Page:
Such a Life by Lee Martin
(American Lives)

No critic rating

Waiting for minimum critic reviews

See 2 Critic Reviews

unrated

Synopsis

Lee Martin tells us in his memoir, “I was never meant to come along. My parents married late. My father was thirty-eight, my mother forty-one. When he found out she was pregnant, he asked the doctor, ‘Can you get rid of it?’” From such an inauspicious beginning, Martin began collecting impressions that, through the tincture of time and the magic of his narrative gift, have become the finely wrought pieces of Such a Life.
  Whether recounting the observations of a solemn child, understood only much later, or exploring the intricacies of neighborhood politics at middle age, Martin offers us a richly detailed, highly personal view that effortlessly expands to illuminate our world.
  At a tender age Martin moved to a new level of complexity, of negotiating silences and sadness, when his father lost both of his hands in a farming accident. His stories of youth (from a first kiss to a first hangover) and his reflections on age (as a vegan recalling the farm food of his childhood or as a writer contemplating the manual labor of his father and grandfather) bear witness to the observant child he was and the insightful and irresistible storyteller he’s become. His meditations on family form a highly evocative portrait of the relationships at the heart of our lives.
 

About Lee Martin

See more books from this Author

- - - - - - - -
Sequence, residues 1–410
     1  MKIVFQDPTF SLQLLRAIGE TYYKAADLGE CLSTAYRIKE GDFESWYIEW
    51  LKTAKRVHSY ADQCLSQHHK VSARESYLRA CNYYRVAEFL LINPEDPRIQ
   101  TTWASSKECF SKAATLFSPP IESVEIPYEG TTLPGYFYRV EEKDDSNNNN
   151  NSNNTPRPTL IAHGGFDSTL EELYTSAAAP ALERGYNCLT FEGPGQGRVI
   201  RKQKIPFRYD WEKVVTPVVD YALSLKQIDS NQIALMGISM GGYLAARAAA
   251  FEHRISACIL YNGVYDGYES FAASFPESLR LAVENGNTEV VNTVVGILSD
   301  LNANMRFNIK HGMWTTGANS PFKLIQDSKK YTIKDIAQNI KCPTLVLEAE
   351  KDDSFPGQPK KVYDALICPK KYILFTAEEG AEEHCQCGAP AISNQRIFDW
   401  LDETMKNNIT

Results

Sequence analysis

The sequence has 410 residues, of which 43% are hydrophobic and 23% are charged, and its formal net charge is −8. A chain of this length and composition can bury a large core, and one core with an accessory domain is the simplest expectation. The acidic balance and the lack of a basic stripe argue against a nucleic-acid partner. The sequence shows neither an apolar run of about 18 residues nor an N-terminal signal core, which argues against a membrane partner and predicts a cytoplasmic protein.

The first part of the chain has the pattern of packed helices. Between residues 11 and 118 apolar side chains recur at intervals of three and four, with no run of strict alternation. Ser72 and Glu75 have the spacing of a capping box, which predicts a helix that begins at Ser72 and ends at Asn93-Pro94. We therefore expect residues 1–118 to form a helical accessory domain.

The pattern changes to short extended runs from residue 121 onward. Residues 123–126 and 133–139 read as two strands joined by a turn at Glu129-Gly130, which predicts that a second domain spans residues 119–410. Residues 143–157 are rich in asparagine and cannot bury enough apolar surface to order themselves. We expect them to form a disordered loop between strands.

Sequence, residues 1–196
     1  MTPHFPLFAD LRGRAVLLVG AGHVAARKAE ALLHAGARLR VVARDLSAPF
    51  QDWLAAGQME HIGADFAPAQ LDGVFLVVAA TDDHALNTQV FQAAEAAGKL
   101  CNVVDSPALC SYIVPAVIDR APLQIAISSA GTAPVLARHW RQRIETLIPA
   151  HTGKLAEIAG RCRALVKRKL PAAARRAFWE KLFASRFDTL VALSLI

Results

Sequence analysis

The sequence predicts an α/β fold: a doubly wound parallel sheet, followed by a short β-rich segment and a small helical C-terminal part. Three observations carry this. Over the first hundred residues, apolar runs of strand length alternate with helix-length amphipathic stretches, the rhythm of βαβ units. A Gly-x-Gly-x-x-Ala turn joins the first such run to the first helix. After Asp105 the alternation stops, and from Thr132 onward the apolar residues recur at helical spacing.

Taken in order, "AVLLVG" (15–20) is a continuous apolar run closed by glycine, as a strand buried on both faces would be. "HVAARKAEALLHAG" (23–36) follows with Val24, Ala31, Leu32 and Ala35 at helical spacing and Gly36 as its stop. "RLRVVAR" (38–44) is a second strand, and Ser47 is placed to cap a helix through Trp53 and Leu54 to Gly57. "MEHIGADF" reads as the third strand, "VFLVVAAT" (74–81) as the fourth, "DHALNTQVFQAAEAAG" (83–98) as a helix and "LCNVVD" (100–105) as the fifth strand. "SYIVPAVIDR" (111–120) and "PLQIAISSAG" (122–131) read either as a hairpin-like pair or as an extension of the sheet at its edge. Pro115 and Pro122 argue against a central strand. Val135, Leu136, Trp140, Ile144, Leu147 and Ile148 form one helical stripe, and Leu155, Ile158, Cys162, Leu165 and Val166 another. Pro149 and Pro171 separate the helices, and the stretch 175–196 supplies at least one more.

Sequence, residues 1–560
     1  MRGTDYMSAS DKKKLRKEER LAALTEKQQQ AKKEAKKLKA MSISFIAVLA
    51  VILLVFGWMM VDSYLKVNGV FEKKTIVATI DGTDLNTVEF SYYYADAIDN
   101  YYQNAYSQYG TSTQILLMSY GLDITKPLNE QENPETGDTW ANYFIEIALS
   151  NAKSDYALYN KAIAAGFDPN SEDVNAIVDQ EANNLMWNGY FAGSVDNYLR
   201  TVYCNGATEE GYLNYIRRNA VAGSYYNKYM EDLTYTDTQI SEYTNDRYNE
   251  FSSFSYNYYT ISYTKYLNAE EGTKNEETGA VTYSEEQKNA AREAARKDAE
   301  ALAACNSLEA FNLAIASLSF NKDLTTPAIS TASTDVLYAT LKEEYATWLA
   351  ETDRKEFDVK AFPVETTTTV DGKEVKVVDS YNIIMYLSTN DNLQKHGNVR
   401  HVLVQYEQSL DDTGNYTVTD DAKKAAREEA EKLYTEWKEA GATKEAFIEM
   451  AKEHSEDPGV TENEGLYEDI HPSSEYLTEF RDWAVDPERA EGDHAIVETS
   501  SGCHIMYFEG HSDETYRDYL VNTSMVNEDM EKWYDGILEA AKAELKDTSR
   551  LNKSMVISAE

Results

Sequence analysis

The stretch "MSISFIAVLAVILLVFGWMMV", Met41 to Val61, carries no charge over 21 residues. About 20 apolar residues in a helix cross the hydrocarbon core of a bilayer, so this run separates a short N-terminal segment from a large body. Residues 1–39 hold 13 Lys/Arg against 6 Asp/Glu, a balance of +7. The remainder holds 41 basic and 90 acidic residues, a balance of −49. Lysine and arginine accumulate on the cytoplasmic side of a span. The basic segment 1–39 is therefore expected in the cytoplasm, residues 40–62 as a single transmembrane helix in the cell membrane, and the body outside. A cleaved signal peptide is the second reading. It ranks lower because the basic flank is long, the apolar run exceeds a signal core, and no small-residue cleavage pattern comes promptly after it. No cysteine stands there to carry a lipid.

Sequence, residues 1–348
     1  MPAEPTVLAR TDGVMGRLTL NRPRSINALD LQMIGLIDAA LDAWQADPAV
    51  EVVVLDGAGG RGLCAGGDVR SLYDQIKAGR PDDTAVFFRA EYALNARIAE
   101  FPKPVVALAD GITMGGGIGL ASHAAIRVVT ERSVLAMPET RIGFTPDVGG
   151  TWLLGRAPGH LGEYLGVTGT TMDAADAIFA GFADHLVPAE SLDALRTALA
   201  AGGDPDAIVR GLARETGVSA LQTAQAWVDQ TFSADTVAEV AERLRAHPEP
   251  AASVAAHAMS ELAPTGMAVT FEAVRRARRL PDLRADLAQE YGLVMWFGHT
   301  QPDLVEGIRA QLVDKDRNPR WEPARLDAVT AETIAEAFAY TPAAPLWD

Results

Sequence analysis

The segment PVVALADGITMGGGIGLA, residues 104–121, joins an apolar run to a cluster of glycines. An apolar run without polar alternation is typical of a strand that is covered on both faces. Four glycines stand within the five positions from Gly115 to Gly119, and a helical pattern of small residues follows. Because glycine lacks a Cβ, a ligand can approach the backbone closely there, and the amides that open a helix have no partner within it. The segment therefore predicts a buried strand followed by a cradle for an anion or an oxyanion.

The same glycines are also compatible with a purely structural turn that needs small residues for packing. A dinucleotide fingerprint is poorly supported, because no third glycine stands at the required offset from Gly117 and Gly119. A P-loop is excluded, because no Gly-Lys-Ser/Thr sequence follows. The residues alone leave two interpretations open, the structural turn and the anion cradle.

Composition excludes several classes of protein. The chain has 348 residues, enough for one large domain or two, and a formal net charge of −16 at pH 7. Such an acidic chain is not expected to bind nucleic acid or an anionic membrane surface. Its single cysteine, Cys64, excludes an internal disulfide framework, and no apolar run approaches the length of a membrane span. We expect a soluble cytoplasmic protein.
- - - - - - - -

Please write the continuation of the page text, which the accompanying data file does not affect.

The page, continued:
Lee Martin is the author of the award-winning story collection "The Least You Need to Know" & the recipient of an NEA fellowship among other awards. He is a professor of English at the University of North Texas & the editor of the "American Literary Review". Dutton will publish his first novel, "Just Enough Haughty", in June 2001.
 
Published March 1, 2012 by University of Nebraska Press. 232 pages
Genres: Biographies & Memoirs. Non-fiction

Unrated Critic Reviews for Such a Life

Kirkus Reviews

See more reviews from this publication

Martin can seemingly turn any subject back to his hardscrabble youth: Asked to write about the Pittsburgh mansion of robber baron Henry Clay Frick, he bounces the industrialist’s wealth against the lives of the working-class men he better relates to.

| Read Full Review of Such a Life (American Lives)

Publishers Weekly

See more reviews from this publication

Martin's latest book (after From Our House) is a collection of essays exploring family, memory, the act of writing the past, and the author's childhood and adolescence in Southern Illinois.

Apr 02 2012 | Read Full Review of Such a Life (American Lives)

Rate this book!

Add Review
×